Posts

This is the third in a series on grace, particularly in light of recent abuses of grace among some (not all) teachers. You can read Grace Notes #1 here and Grace Notes #2 here. Basically, the problem is that the way some are teaching grace, the result is that some hearers are interpreting grace as an invitation to return to their old life. It is grace as an enablement to sin, not a deterrent.

Friends, we are under grace, but grace doesn’t mean we have no boundaries in our life. Like sheep prone to wander, God sets boundaries for each of us. These boundaries are like fences designed for our protection and are found in His Word. Within the boundaries proscribed for us by our heavenly Father we sheep find much luscious green grass, for His fields of grace are wide and plentiful. We may graze safely and joyously within these boundaries for our entire life.

Beyond the boundaries, on the other side of the fence, however, the grass is poisonous, full of briars; deadly.  We know because that’s where we once lived. Once in a while we glance toward the briars…and remember. Yes, the poison was pretty and yes we were enticed to live our entire lives in the briar patch…until we heard and responded to the Good Shepherd’s invitation to His fields of grace. Now our glance toward the briars is fleeting indeed. No, we won’t go back.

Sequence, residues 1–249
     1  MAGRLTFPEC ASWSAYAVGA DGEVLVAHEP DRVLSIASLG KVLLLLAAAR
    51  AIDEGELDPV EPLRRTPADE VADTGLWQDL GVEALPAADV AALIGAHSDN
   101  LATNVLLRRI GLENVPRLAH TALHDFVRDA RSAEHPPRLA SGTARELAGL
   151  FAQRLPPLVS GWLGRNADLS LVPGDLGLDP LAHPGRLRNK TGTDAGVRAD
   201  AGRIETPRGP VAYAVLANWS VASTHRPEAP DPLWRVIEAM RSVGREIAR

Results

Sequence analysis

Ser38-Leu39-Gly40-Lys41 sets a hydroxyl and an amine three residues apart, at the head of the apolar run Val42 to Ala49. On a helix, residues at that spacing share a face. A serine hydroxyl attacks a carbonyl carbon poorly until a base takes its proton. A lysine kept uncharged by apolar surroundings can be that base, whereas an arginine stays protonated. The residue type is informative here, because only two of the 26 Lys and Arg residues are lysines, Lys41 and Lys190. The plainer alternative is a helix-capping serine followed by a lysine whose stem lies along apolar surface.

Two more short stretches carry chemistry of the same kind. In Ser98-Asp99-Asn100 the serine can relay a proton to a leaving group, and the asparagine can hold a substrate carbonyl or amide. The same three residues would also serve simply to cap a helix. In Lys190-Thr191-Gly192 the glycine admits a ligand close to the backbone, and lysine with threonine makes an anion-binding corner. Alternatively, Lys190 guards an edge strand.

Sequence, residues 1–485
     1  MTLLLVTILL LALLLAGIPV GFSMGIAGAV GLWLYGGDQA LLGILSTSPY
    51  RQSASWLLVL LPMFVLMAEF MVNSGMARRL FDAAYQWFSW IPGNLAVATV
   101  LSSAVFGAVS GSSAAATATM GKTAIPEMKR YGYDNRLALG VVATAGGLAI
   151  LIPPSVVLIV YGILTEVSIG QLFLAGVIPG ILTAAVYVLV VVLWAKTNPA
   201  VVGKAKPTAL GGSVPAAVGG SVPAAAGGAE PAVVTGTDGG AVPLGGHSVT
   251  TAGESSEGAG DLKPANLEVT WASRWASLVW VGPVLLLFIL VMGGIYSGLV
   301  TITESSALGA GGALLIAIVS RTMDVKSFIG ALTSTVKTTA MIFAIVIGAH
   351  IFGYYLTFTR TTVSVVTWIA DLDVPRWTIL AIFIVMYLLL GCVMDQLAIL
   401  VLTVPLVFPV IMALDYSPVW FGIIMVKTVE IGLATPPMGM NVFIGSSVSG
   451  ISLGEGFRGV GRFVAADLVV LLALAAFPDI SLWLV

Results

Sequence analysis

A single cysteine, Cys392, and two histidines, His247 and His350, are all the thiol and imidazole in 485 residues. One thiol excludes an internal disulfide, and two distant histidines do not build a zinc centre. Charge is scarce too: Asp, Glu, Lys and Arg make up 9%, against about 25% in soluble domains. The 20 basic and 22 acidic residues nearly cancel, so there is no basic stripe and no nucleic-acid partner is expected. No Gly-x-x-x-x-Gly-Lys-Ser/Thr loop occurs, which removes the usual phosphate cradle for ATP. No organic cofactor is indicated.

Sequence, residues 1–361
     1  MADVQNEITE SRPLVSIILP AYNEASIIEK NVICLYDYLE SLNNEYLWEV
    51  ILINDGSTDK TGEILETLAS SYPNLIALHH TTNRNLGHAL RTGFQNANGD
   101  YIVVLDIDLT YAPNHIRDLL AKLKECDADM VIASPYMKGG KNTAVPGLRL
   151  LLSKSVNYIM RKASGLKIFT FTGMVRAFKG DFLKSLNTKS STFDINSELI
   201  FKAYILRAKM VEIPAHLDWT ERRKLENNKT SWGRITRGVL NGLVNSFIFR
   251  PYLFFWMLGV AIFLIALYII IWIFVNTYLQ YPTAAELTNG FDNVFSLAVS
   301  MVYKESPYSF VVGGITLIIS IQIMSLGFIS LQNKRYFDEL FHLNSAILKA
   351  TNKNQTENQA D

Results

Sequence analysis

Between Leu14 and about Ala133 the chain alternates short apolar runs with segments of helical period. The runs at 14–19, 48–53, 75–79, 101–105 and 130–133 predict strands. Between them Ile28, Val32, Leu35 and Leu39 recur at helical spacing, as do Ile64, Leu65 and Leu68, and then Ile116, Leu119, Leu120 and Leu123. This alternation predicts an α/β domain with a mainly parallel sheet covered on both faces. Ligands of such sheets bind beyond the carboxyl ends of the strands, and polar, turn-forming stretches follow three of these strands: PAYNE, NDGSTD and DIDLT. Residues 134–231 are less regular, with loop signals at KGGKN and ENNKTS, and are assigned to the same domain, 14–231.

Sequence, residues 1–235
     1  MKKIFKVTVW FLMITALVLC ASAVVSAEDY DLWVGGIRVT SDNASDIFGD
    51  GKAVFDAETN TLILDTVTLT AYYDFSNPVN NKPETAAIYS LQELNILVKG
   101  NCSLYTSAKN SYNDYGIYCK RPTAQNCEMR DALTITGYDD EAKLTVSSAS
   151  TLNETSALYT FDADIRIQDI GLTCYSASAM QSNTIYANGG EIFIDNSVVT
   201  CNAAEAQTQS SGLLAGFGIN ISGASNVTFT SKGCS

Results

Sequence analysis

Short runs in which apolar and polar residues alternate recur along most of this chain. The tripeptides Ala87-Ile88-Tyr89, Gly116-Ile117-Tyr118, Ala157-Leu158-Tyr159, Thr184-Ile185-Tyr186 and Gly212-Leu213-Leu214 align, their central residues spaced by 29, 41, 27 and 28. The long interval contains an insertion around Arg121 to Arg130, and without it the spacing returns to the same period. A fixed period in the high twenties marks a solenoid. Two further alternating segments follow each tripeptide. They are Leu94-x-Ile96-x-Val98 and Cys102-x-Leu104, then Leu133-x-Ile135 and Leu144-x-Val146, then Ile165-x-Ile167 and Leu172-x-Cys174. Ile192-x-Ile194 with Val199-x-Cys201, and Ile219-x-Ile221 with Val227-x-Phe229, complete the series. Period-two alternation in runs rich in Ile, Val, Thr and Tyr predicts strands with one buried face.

We watch with profound sadness and astonishment as once in a while one of our fellow sheep wanders past the boundary and back into the briar patch, lured by the pretty poison; forsaking not only the green fields of grace, but worse, forsaking the Shepherd as well.

We’re also bewildered when some of the sheep grazing alongside us seem to encourage those who are wandering away. What are they thinking? Don’t they remember like we do? How can they encourage those who are leaving the green, green grass of the fields of grace to return to the briars? And how can they in good conscience tell the sheep who have always lived in the briars that they are wise and well-off if they choose to build a life there? Why don’t they invite those sheep to come here where they will be safe and cared for by the Shepherd?

To be sure, the Shepherd is aware when one of His sheep has wandered off and has become caught in the briars beyond the boundaries. And because He is a good Shepherd, He seeks the wandering lamb and returns him to the fold.  Such a sheep, if he is wise, will remember his foolish journey and when tempted in the future, will contrast the painful briars with the loving arms of the Shepherd carrying him back to the rest of the flock, gently whispering His love for the lamb as they make their way home.

To our fellow sheep who look longingly at the pretty poison in the briar patch and begin to inch their way toward the boundary’s edge, we should be issuing warnings and reminders of those who have eventually perished by continuing to pursue that which God condemns.

Similarly, if ever we see believers tossing the message of grace like a security blanket toward those sheep grazing among the poisonous briars beyond the boundaries, it’s a signal that they too may eventually follow those they now comfort in their wanderings.  They must surely have forgotten that grace is given for us to live happily in God’s pasture, wherein lies our true freedom.

Grace is not a gate in the fence to the briar patch.